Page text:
Symptoms of Hookworm in Cats

Cat head tilted has hookworms

Many cats infected with hookworm are asymptomatic and do not show any signs of infection, so routine screening tests are important to identify hookworm infections. In kittens, heavy infestations of hookworms may cause anemia and death. Other symptoms of hookworm infection can include:

  • Blood in the stool
  • Diarrhea
  • Constipation
  • Vomiting
  • Dry cough
  • Poor hair coat
  • Pot-bellied appearance
  • Loss of body condition
  • Loss of appetite
  • Pale mucous membranes
  • Respiratory symptoms
  • Pneumonia
  • Failure to thrive

If you suspect your cat may have hookworms, or any other type of parasite, visit your veterinarian to diagnose the problem and receive appropriate treatment.

How to Diagnose Hookworm in Cats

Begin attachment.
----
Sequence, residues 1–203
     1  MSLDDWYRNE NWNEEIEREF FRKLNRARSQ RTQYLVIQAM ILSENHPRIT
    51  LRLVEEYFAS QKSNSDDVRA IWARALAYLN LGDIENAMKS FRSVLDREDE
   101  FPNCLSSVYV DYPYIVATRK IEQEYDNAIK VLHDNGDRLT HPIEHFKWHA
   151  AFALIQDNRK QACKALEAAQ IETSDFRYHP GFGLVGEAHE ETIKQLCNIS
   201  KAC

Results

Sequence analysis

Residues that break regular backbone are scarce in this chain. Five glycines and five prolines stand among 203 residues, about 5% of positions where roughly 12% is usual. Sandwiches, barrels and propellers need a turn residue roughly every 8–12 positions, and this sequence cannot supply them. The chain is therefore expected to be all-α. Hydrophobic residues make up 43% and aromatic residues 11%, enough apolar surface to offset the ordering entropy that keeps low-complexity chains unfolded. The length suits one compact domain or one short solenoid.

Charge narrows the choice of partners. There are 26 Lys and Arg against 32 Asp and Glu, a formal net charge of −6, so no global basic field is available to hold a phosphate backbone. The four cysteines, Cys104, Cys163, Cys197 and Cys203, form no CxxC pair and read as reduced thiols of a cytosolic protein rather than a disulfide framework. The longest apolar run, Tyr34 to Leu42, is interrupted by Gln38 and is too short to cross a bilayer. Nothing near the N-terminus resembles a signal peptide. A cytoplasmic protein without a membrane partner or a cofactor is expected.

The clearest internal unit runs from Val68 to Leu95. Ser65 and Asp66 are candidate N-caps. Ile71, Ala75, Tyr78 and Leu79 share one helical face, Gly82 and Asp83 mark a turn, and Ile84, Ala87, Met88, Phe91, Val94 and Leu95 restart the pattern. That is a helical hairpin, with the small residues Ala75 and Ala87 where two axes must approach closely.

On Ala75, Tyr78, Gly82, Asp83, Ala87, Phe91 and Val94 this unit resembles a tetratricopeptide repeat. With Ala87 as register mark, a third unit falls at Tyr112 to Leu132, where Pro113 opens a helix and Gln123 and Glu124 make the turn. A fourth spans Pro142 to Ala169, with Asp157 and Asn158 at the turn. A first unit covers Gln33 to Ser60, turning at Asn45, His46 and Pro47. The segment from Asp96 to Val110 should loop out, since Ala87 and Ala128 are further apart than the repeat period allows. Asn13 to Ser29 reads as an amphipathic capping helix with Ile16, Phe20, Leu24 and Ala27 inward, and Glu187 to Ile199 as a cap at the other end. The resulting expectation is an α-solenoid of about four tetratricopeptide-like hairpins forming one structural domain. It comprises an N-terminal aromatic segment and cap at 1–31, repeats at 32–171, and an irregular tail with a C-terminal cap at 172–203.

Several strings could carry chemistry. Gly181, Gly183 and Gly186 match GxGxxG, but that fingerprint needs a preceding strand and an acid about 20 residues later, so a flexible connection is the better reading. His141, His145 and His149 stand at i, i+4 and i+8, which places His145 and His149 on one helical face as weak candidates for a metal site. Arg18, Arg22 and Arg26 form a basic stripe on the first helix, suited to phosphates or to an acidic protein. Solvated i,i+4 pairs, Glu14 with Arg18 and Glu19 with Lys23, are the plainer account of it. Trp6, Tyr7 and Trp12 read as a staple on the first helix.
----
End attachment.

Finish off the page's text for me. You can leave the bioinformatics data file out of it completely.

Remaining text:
Cat being held by vet

If a hookworm infection is suspected, your veterinarian will first perform a full head-to-tail physical examination on your cat. Your veterinarian may also recommend additional diagnostic testing, such as the evaluation of a fecal sample. Your cat’s fecal sample may be used for the following tests:

  • Fecal floatation with centrifugation. This test is used to look for parasite eggs in your cat’s feces. A female hookworm produces 600-6,000 eggs per day, which are passed in the feces. These microscopic eggs float readily in a floatation solution and can then be visualized under a microscope. Identifying hookworm eggs on a fecal floatation test confirms the presence of hookworm infection in your cat.